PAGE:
Holidays are time for some of those other simple pleasures, paddling, skimming stones, eating an ice cream and trying not to let seagulls steal chips! It helps me to remember to hold on to some of the child like joy I used to experience when life wasn’t complicated!
When I think back to some of my childhood memories, the things that stand out are the little things. I don’t know if my parents were conscious of the idea of memory making – I hear it talked about much more now but perhaps that is a youth worker thing… All my vivid pictures are of things like picnics or fishing and other sporting things, being got out of bed at my cousins to see a partial eclipse…
This summer I have enjoyed some of these seemingly little things: hitting the golf club my adorable nephew told me to hit and doing a much better shot than my choice would have led to; playing with god children at Kingsbury – watching them feed the birds, take risks on play equipment; sitting watching swallows playing in the eaves of where we were staying and watching egrets roosting in the trees; browsing round a local art fair on Bodmin admiring the creativity of others; worshipping at the riverside chapel… These are the things that have nurtured my soul and spirit – little things which really are big things.
Sally and I have just had a wonderful holiday in Cornwall. I was ready for it, it has been a very busy and full year so far. Like many people it took us a few days to wind down and we had a few things to deal with while we were away. Although we plan our holidays about a year in advance there are other factors in having a life and ministry that tries to reflects the principles of our website – marker posts and shelters for a healthy, effective rule and rhythm of life.
The solution is to seek to live my life that I don’t desperately need my holidays to come along. That my life in between is lived at a pace that when my holidays come along, I am “oh that;s nice”, rather than “oh at last”. This would seem to be a symptom of a more balanced lifestyle that would be healthier and more conducive to wellbeing. One of the ways I am going to do this is not to work less hard but to work more wisely.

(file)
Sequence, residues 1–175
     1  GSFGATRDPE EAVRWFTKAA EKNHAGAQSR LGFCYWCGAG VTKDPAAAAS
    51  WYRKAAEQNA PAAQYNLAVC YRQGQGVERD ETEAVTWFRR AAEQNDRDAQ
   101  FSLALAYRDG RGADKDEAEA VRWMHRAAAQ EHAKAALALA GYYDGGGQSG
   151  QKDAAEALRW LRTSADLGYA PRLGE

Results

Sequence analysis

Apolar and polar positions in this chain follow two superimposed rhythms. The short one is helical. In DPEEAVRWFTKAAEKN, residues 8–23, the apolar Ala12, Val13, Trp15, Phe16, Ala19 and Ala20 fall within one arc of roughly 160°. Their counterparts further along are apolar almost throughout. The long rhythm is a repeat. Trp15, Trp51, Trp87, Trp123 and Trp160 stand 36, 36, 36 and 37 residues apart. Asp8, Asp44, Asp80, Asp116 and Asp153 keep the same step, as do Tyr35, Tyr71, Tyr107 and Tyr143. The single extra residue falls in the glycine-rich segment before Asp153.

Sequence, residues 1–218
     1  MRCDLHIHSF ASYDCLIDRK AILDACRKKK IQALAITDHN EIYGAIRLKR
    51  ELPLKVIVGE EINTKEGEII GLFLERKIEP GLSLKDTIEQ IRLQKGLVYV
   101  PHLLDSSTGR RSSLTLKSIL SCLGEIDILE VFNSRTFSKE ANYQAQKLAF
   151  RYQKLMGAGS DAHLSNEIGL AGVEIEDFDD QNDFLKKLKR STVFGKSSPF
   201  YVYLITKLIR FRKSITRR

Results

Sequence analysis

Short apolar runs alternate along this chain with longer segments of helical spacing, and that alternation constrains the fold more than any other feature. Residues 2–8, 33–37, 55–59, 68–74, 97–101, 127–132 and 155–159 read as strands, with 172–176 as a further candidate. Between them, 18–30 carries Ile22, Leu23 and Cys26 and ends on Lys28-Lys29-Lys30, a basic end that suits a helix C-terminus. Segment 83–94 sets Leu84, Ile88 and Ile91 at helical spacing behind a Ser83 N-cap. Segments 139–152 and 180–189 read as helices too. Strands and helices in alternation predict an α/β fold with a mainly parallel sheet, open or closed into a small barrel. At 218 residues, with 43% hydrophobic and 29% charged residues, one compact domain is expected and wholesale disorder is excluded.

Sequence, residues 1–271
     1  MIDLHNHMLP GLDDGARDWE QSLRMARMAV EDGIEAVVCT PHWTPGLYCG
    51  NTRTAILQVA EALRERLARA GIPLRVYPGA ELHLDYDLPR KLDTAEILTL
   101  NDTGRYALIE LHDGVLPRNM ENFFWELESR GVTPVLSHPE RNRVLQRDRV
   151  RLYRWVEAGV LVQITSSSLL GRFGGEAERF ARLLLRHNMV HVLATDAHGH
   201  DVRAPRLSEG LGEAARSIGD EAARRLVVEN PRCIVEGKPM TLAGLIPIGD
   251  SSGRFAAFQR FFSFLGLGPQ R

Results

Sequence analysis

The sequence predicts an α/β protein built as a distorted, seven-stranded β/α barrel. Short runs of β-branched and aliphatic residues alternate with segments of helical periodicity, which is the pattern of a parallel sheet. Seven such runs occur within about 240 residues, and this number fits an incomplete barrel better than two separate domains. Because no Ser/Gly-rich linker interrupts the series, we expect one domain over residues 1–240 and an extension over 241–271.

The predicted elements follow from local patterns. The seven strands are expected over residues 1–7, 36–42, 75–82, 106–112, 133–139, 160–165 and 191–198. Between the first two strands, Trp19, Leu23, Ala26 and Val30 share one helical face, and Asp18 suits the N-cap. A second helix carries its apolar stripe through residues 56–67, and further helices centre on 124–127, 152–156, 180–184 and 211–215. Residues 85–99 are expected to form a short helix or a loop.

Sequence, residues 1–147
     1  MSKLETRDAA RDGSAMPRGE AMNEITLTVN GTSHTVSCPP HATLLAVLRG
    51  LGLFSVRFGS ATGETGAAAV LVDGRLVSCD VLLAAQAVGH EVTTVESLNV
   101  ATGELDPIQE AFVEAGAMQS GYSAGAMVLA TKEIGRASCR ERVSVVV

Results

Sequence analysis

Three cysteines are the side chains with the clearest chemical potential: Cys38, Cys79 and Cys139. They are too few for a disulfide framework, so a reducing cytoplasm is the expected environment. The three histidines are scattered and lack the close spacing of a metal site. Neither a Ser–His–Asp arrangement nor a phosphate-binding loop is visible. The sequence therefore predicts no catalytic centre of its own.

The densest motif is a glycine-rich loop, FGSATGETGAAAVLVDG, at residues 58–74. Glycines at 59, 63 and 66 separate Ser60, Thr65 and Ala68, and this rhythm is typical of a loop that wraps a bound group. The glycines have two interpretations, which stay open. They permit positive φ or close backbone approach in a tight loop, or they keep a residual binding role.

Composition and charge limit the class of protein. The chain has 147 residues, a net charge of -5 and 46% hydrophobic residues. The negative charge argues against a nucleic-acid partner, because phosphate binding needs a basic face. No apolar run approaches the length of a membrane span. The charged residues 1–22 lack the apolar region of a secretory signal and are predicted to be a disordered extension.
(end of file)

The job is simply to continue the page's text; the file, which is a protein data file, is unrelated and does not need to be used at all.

This quotation from Columbanus (an Irish Saint living in the 6th – 7th centuries) is particularly apt for holiday time when I get to spend so much more time outside appreciating the many mysteries of the universe. There are so many things either I didn’t learn at school or I have completely forgotten like how the moon and the tides work, geology and rock formations, the power of currents which move swathes of stones and sand so that every day the shoreline is different and why there are so many amazing colours in the sky at sunset (this picture taken yesterday at Kit Hill)…
I am also amazed how although there are so many things we do know and can find out through typing a few things into google, nature can still be a mystery. It perhaps sounds a little sad but most days I listen to Farming today on Radio 4 between 5.45 and 6.00am and on Mondays there is a five day weather forecast – this Monday the forecaster admitted that it wasn’t fully clear – the computer predicted lots of different possibilities. Although in my regular work life I am quite planned, organized and structured I also appreciate the seize the day nature of holidays where what we do can depend on weather, times and tides and our plans made the previous evening can change as we see what each new day holds!
My favourite sea views often have islands in them, this is one of them. The Ayrshire Coast, a place I first went when Spring Harvest was in Ayr many years ago and Paul and I were on the team. Now we go every couple of years to play golf and enjoy the scenery – my other favourite view here is the Turnberry lighthouse. This week I will have seen it up close as I have played the Ailsa course – a week with a different pace of life, a different set of challenges to the day and an opportunity to re-create.